Look at your list. Are the important things on your calendar? If not put them on it. Next, organize your list into things that can be done in blocks of time. For example: I am the sharpest in the morning, so I will put anything that requires creative thought, such as writing or working on marketing proposals, on my calendar for a one-to-two-hour block in the morning. Then I get to it.

Next, on a separate piece of paper write down everything you want or need to do this week. You get the idea. Repeat the process for a month, year, or longer. For “to-dos” with a deadline of one year or longer, I recommend using the productivity planning sheets in Appendix II. We’ll also explore more tips and tricks, in the next section, Into Action. (Sorry all, I literally copied and pasted this from my manuscript…There is no Into Action Section in this article. You’ll have to get the book for that.)

Follow me if you want to learn more simple, practical, effective strategies for time management and more that actually work!

Until next time.

Keep smiling, life’s more fun when you do.

Find my books wherever they’re sold.

Photo by Ryan Snaadt on Unsplash

What could you accomplish if you had the confidence and belief that you would succeed?  

What if you decided to take the first bold step?

A week ago I had the privilege of being a guest on Aspire with Osha, a podcast produced and hosted by Osha Hayden where I answer that question and offer listeners and readers insights on life, recovery, and why I wrote Ten Seconds of Boldness.

Drawing upon her experience as a psychotherapist, mediator, trainer, and artist, Osha is the consummate host. Says, Osha on her website, “My show is all about connections–how art connects with nature which is essential for humanity. How people can steer their passion into creating and contributing to a better world—a more positive future for us all, in ways both great and small.”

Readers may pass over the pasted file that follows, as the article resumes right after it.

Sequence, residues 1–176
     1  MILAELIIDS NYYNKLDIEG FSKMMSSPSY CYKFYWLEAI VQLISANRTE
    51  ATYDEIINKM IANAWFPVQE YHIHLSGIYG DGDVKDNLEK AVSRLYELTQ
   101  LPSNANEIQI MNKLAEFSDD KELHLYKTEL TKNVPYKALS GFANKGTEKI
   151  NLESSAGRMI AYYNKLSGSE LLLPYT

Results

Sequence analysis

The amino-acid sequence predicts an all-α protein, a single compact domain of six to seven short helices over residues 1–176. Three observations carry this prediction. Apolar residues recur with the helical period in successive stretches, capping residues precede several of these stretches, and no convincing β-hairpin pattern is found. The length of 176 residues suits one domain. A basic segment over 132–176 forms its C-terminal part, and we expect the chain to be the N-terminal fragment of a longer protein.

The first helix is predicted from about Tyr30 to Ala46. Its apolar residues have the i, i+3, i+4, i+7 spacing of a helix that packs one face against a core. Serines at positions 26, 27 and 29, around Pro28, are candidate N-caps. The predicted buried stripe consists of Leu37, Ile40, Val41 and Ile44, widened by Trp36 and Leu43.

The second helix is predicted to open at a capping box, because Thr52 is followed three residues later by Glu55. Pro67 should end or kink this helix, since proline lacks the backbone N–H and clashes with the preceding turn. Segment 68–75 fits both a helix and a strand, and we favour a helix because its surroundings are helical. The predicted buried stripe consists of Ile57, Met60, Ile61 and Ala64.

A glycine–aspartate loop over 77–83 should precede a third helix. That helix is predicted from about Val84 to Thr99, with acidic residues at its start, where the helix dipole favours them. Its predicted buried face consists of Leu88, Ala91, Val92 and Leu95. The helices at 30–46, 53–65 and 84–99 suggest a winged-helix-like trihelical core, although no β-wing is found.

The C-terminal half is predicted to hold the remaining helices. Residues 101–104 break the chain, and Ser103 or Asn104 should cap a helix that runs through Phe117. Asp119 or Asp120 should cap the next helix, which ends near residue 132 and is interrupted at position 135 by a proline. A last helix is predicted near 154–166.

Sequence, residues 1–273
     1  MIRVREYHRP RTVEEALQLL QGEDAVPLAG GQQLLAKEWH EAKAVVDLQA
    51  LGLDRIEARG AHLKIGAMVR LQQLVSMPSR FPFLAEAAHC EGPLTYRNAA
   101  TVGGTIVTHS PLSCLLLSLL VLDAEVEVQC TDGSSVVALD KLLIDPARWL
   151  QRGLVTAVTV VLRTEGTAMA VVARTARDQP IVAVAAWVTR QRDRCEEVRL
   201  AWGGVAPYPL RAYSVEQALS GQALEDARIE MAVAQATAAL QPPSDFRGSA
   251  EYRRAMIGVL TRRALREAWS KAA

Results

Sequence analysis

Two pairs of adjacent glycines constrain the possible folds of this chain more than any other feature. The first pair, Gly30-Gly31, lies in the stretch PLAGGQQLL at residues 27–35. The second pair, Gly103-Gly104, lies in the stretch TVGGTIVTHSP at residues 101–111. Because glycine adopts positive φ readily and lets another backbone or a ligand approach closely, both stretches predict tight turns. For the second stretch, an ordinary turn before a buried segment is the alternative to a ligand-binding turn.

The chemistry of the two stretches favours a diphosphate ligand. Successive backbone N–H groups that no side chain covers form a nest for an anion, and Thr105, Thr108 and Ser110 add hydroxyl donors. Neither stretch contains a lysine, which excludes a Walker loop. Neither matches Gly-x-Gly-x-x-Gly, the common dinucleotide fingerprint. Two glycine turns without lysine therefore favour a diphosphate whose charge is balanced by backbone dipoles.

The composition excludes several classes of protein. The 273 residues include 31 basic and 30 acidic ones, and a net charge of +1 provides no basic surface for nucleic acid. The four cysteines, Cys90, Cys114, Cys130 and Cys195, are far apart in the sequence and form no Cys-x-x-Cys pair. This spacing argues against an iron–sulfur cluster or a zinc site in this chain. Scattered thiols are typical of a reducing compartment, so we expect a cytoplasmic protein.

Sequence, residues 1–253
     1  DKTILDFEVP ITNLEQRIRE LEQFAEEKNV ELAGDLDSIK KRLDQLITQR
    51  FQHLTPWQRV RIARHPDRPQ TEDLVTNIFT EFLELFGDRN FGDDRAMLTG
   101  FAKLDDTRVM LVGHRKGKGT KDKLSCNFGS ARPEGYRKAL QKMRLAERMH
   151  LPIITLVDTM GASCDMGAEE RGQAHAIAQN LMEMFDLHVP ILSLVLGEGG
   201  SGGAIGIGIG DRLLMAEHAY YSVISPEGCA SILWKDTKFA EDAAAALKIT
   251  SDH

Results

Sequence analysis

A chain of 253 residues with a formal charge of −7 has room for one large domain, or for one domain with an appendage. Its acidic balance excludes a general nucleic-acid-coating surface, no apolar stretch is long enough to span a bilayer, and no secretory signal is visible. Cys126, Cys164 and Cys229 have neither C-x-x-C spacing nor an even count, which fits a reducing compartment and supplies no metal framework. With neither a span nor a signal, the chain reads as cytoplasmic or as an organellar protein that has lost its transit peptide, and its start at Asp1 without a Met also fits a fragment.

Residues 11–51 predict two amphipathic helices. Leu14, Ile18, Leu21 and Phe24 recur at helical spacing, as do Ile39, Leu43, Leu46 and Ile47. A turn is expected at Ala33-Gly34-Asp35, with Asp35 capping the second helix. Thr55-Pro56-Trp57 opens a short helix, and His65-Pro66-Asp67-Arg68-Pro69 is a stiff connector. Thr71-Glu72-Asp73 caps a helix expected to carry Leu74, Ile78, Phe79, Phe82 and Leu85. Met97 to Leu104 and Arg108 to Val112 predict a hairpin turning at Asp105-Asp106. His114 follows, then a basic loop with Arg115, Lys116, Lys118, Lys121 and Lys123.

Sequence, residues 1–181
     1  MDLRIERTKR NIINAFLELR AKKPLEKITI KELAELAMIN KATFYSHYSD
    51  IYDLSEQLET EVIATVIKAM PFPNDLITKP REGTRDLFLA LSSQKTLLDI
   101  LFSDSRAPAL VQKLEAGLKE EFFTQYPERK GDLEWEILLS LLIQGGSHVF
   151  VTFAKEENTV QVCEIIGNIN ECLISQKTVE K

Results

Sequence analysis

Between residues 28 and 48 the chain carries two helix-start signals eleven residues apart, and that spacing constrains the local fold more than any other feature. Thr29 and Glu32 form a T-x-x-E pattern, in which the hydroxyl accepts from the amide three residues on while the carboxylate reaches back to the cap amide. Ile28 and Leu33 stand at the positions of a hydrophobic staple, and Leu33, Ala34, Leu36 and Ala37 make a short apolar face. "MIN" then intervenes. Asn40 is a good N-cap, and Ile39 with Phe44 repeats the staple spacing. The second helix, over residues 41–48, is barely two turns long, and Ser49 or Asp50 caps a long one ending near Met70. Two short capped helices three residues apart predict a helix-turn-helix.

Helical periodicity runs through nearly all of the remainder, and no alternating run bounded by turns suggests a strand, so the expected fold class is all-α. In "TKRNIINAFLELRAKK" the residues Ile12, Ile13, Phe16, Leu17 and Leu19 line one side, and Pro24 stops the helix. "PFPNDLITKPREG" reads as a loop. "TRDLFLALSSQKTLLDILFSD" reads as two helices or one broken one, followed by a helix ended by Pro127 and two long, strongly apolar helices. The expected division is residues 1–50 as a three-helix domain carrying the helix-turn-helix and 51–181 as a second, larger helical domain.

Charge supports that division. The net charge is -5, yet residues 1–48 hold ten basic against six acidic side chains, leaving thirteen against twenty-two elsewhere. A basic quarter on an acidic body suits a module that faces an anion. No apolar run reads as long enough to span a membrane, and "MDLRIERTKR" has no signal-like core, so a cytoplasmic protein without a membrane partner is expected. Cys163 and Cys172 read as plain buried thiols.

I Felt the Fear and Did it Anyway

Despite the fact that I had just finished writing a book about developing courage and boldness to become self-confident, I won’t lie, I was nervous about the interview.

I still get nervous before every speaking engagement. This interview was no different. I still waste time worrying about how I sound—am I too quiet, too direct, blunt, or do I have the late-night radio DJ voice of empathy and compassion, offset by flourishes of enthusiasm and excitement? In other words, am I being myself or trying to sound or be like someone else? I only know how to be me, and that is enough.

I only know how to be me, and that is enough.

Then the worry train blows its whistle and the critic, turned conductor, shouts, “ALL ABOARD!” Quickly my thoughts become a series of worry laden, what ifs—what if I say something I’ll later regret (not that I have ever done that). What if I forget important material or worse, freeze on air? (Fortunately, the interview was prerecorded which alleviated some of my anxiety). You get the idea.

Then I immediately start thinking about what I am going to say—will I remember the key points? What if I cuss or say something stupid? At some point, I stop worrying about it all and decide to just be myself. I tell myself I am not going to die if mess up. Somehow admitting and accepting that, takes the pressure off.

I process any and all self-defeating garbage that still goes through my mind, and I do it anyway.

Why? Because I like to lead by example. And if I just spent five years writing a book to inspire others to find the passion and courage to pursue their dreams and goals, I damn well better put money where my mouth is.

The Conversation

After the introduction, the gremlins in my head slowly settled down within minutes of getting started. The critics stopped barking, and, thanks to Osha, I dropped into a zone of vulnerability. She made it safe, easy, and comfortable for me to share personal stories with one sole purpose: to inspire and help others take a chance on themselves.